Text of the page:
International development partners and the national government have launched a drought flash appeal that seeks to raise a total of Sh52.5 billion to enable the United Nations and Humanitarian partners in an effort to reach 3.8 million Kenyans affected by the ongoing drought.
The Kenya Drought Flash Appeal that was launched in Garissa on Monday called for increased funding to increase their emergency response in the arid and semi-arid areas in the country.
Long term solutions
Deputy President Rigathi Gachagua who attended the event indicated the government is evaluating long-term solutions that will solve the drought menace in the country.
“Every time I visit Garissa, I understand that this is where real Kenyans stay. I ask all the governors in the arid and semi-arid areas to work with our ministers so that we can identify areas where we can build dams to provide water for our people to alleviate this suffering,” Mr Gachagua said.
UN Resident Coordinator Stephen Jackson in a roundtable meeting with government officials announced that the current rainy season being experienced in the country will end soon leaving several families in the ASAL counties vulnerable to drought.
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“The launch here is significant because this is where most people are bearing the effects of drought. The current short rains will disappear soon leaving many families to endure the suffering. We do not want to see young children dropping out of school because of drought. I urge all development partners to join us in this initiative,” he said.
The money raised will be used for cash transfers for the affected families as well as food assistance as the development partners seek long-term solutions to the drought situation.
According to Inger Jackson, the Executive Director of the United Nations Environmental Program (UNEP), Kenya needs to build resilience among communities to tackle climate change.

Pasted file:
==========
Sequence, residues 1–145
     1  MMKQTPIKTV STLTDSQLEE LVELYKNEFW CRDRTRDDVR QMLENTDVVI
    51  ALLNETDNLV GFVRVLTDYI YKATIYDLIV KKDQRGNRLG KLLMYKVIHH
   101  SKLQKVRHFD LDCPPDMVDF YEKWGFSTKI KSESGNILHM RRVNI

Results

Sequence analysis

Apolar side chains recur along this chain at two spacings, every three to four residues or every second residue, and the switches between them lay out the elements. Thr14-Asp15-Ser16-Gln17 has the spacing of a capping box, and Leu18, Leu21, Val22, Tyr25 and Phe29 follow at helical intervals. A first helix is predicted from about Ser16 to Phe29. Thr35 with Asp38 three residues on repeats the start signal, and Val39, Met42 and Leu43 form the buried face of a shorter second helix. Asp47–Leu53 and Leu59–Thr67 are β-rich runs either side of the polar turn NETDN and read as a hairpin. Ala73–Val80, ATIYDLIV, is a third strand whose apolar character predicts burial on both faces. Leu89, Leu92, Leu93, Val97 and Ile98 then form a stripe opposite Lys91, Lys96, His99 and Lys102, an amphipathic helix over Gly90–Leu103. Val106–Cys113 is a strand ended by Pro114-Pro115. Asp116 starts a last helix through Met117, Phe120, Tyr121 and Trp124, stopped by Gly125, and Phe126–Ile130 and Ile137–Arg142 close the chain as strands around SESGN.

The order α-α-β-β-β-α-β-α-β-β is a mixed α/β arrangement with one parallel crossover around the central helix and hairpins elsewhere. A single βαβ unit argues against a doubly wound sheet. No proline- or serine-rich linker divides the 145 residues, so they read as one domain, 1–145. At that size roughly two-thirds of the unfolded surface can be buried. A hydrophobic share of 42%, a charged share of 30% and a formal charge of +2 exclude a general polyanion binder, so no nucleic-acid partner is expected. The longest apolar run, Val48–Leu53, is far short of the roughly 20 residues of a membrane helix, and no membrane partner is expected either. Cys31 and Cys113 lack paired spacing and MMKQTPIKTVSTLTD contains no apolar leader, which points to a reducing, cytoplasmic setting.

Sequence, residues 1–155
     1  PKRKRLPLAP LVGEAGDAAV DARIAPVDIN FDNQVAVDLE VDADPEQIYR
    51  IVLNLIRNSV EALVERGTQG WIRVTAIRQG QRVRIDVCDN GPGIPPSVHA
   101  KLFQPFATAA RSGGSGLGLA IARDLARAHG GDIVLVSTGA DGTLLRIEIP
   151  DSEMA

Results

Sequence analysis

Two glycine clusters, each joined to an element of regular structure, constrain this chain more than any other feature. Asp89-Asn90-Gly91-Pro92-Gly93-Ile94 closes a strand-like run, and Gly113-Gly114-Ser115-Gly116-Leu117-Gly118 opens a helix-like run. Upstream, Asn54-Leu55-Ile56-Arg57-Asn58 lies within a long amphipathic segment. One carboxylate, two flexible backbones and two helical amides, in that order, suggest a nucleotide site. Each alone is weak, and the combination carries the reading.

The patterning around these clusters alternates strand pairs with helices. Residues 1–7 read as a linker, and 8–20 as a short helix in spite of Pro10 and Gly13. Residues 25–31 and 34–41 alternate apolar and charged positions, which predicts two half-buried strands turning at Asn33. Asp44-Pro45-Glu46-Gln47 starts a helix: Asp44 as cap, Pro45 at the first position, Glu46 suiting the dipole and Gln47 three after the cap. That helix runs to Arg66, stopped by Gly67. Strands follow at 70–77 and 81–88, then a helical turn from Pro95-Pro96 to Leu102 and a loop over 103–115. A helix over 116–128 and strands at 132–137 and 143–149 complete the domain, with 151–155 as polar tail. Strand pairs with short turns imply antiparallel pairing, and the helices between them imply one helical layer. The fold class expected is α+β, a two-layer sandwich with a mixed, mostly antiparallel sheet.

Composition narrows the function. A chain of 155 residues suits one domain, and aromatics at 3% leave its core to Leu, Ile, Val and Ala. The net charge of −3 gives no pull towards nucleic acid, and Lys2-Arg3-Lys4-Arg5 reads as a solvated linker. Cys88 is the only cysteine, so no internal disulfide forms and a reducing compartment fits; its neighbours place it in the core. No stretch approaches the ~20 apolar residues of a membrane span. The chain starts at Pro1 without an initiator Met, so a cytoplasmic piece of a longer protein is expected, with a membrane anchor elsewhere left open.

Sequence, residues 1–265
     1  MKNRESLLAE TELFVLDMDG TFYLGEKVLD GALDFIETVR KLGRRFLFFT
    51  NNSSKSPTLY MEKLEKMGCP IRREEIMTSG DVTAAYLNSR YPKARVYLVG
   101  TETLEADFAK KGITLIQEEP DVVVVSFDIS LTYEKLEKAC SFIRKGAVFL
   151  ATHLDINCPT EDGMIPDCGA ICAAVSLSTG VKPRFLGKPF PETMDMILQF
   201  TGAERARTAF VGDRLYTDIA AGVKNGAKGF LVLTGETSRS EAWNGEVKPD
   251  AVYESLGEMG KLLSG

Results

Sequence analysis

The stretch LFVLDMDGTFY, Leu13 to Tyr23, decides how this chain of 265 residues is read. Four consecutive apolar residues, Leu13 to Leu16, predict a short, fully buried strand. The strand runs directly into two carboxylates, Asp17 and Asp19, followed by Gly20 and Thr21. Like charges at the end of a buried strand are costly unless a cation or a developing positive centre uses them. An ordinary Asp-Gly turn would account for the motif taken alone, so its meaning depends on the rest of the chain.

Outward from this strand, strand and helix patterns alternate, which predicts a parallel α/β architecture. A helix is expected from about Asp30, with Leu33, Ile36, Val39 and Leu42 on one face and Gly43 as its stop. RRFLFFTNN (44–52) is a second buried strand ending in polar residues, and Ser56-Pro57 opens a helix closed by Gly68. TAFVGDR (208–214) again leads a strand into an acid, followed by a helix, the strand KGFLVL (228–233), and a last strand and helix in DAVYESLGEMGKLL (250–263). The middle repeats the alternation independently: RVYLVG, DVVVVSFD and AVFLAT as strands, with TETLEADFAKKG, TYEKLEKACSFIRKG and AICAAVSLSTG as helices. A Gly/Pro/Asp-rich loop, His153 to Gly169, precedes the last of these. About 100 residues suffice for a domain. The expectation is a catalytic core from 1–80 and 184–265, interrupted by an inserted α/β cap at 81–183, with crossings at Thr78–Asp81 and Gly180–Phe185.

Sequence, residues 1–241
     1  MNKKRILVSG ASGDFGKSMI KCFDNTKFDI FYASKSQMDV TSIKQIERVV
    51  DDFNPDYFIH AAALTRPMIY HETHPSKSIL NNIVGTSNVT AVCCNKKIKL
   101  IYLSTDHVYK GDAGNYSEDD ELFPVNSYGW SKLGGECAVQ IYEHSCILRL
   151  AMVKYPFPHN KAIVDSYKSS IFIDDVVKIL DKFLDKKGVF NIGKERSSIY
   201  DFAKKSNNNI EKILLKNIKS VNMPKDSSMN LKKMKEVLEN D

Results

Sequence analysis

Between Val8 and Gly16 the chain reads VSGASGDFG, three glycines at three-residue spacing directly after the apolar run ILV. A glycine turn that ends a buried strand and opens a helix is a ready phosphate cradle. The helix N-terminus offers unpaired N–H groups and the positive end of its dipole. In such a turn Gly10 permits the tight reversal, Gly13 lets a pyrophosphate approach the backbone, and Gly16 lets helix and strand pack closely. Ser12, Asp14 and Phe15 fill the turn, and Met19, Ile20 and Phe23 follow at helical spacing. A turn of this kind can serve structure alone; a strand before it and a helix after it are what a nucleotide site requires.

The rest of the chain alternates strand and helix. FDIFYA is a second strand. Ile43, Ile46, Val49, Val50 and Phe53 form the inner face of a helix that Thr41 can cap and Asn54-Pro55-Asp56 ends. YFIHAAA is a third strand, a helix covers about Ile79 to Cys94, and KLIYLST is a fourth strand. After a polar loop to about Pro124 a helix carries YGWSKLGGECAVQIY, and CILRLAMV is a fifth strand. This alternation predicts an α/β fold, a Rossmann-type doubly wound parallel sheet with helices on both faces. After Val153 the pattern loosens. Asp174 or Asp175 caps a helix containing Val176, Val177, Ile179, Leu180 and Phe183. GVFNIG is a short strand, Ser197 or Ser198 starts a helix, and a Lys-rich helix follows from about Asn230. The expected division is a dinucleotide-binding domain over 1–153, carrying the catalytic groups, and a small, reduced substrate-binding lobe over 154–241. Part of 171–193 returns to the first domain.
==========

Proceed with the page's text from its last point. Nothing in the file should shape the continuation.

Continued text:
“We have just come from the COP27 in Egypt. The sad news is that drought and floods will not go away soon. It is the new normal and we must therefore learn how to cope with the effects of climate change. We need to mobilize resources to achieve this,” she said.
The Kenya Drought Flash Appeal was first launched by former President Uhuru Kenyatta in September last year in Wajir after Mr Kenyatta declared drought to be a national emergency.
During the launch, Mr Kenyatta appealed for Sh16 billion to assist 1.3 million people. Due to the poor performance of the short rains, the appeal was once again extended to March 2022. In April, it was once again extended calling for Sh21 billion.
The appeal also categorised the affected counties into 23 Arid and Semi-Arid Land (ASAL) counties that include Garissa, Wajir, Turkana, and Baringo among others.
In the launch on Monday, Mr Gachagua indicated since the drought was declared a national disaster, the government has received Sh47 billion from the UN agencies and other private partners while the government has committed Sh12 billion. Sh5.6 billion of this has been spent on relief food distribution
The funds raised have been spent to provide emergency food assistance as well as the provision of cash transfers to the affected Kenyans in the 23 ASAL counties.
In Lagdera sub-county for instance where the launch happened, 11,460 people are receiving a cash transfer of Sh6,500 per month while 11,676 people are receiving food assistance. Nutritional centers that offer mass screening and treatment have also been opened in partnership with the county department of health.
Mr Gachagua indicated the government intends to offer a cash transfer of Sh2,700 per month to cushion them. Sh5.6 billion has also been spent on relief distribution exercises by the government.
The launch was attended by Cabinet Secretaries Alice Wahome ( WAter and Sanitation), Rebecca Miano (East African Community, Arid and Semi-Arid Lands, governors Nathif Jama (Garissa), Ahmed Abdullahi ( Wajir) and a number of elected leaders.